When bagel is bigger than a pizza you can eat breakfast anytime!In October of 1780 the islands of Barbados, Martinique, and St. Eustatius were commerce ports and melting pots for merchants, pirates, and military men flying many flags. They were a rich and interesting place to be at that time, full of life and intrigue. A day passed and they were practically wiped out. A swirling atmospheric disturbance that came to be known as "The Great Hurricane of 1780" rolled over the idyllic islands and almost completely scoured them clean of civilization. Weeks earlier the hurricane had not existed. It had coalesced from mixing air currents, unknown and invisible to those simpler times, and it had smashed down like a great hammer. More than 20,000 people died. Most were simply washed out to sea by the tidal surges and flooding. Ships were dashed to kindling and hundreds sunk with their vessels.
Days later the great hurricane unwound itself. It disappeared and churned no more. In November the Great Hurricane of 1780 did not menace a coast or appear darkly on the horizon as a hateful shape in the sky. It was gone and its remnants scattered back into the currents of air that circulate constantly above our heads. The physical components and forces of the hurricane will always be there. What the hurricane was has been determined solely by how it is remembered. How it smashed across those islands and took 20,000 lives with it.
The Great Hurricane struck many generations ago and no one is alive today who saw the destruction it caused. Images and accounts of the havoc exist and by reading the preceding paragraphs you have just become a modern witness to its legacy. The hurricane itself is more real and more important than any individual person dead on that island. And why shouldn't it be? None of them killed 20,000 people.
Even though they are insignificant when compared to the hurricane many of those who died are probably still blessed by their demise. They appear on casualty lists. Shipping insurance companies keep tallies on the ships lost and an inquiring mind could find the crew roster next to "lost at sea". References to the incident will survive as footnotes in genealogies for perhaps many hundreds of years. Most of us should be so lucky.
"Self worth" is for most a lie used by psychologists and councilors to keep you from contemplating your real value to mankind. Those who actually have self worth are those confident in the lasting impression they will make on the world. They feel sure of the indelible, invisible footprint of their great surging hurricane of life. They will cure cancer. They will become the President. They will rape and murder their way across Southern California.
GBS! GBS!During the course of the average human's lifespan our bodies riot through 780 generations of cells. That means that each of us is literally remade anew almost once a month. The person you were six weeks earlier has died, sloughed off, decayed, or been cannibalized for parts. In his place is someone new, someone who looks pretty much the same. What tells you who you are? It's the crackling of memories in your neurons. The nebulous sea of what you were that inhabits your skull, electrical relics sizzling across neural pathways, old things left behind by the last administration. That gradual death and rebirth you are experiencing goes by unheeded because of that great mnemonic monolith of your life. The stone in the midst of the stream changes slowly but the water never passes by twice.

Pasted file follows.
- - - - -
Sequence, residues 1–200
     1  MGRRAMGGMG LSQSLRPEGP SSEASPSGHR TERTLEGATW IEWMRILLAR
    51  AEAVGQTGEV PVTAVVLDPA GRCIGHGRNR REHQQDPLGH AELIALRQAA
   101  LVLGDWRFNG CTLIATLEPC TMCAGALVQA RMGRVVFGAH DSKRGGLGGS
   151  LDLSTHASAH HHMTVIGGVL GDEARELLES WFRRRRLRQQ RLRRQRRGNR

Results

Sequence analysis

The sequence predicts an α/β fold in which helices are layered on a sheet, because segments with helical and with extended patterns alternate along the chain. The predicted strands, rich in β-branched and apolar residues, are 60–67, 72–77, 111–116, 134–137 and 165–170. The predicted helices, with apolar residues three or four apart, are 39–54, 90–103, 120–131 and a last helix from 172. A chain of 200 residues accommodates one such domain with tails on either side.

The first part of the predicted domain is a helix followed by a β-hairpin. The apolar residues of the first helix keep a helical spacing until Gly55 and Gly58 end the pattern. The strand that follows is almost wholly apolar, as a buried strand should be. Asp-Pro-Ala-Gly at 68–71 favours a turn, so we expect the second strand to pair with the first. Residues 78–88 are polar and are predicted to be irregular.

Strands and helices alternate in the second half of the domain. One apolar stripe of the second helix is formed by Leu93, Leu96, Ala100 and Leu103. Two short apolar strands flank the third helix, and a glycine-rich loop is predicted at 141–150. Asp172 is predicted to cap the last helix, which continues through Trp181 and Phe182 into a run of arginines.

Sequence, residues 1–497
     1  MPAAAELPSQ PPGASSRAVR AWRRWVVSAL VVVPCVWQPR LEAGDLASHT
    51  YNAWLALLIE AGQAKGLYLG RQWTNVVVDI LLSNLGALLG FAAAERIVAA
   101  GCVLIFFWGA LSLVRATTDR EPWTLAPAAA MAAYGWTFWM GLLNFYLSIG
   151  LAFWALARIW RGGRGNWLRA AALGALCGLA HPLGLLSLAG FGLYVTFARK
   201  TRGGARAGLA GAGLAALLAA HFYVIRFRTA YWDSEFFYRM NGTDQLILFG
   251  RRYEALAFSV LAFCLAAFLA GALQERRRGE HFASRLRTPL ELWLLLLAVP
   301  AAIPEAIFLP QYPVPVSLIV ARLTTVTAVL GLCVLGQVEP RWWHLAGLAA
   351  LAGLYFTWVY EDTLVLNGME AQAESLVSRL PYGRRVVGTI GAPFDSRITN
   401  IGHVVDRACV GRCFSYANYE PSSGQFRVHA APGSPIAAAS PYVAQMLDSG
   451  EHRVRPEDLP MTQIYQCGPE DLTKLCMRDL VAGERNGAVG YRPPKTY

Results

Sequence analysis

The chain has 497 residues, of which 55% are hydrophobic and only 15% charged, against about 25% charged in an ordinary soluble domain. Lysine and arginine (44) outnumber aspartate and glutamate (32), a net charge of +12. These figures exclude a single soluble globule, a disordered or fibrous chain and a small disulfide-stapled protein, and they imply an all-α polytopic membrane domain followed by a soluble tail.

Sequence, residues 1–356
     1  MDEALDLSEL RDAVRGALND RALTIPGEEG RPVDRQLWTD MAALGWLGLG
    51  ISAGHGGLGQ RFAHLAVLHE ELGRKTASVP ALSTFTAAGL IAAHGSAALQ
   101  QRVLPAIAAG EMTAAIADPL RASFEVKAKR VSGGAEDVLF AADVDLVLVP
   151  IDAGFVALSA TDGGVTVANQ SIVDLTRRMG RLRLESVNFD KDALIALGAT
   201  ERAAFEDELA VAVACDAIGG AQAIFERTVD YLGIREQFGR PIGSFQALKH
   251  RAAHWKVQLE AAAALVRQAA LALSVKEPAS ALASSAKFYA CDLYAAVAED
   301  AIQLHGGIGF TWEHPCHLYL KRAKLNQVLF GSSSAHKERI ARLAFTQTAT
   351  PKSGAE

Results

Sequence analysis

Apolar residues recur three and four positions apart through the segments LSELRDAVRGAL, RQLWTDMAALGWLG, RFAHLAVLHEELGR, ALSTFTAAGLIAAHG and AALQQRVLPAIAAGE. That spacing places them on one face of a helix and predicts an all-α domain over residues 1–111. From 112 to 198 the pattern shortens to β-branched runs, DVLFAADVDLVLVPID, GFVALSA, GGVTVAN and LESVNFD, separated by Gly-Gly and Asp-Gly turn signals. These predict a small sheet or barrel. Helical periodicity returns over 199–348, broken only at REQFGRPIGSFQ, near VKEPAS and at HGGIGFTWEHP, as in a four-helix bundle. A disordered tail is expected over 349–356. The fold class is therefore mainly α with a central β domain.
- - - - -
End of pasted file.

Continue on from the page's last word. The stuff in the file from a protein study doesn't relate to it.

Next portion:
We are an accretion of memories and deeds perceived by others. We die every month and eventually that great rock will crumble and sink or some cataclysm will stop our heart or silence our breath. The logistics of our cells will collapse like an encircled army and they will perish for the last time. Then we will be carried on by those without. Self worth will be shown for the lie it is as we disappear into a forgotten grave or soar above the crowd on fame or infamy. Our body will rot and be fodder for vermin or smoke and ash in the sky.
I was going through boxes recently and a came across a personal treasure trove of old papers, most of them not even mine. Amid yellowed notebooks, typewritten papers, and photographs I found a handwritten and untitled poem by a British soldier of unknown name and rank.
I met a little French Girl lying in a ditch,
Hair of gold and cheeks aflame,
To kiss her would be rich.
She was headed 'round the corner,
A rush to catch the ferry,
My bullet went and found her,
Instead of finding Jerry.
I left a little French Girl lying in a ditch,
Eyes of glass and lips agape,
To hold her would be rich.
I was headed for the corner,
A rush to push back Jerry,
My bullet went and found her,
And she did not catch the ferry.
Perhaps not the best of poems, perhaps not even based on real events, but it doesn't matter to me. The French Girl, real or not, will likely live on for some time in that electrical storm of my brain. Her hurricane spun itself apart in one terrible instant and there is her footprint on yellowed paper, her witnessed death infused with more meaning than every moment leading up to it. If she wasn't real it only becomes more terrible. Her imagined death is remembered and those of real people forgotten. More false water in the stream of human existence.
Sir Mix-a-Lot's classic follow up to "Baby Got Back" has serious unintended consequences.
"Really, Holmes!" I dropped into my seat, shocked. "You are remarkably tall! What are you, six foot six? Six foot eight?"
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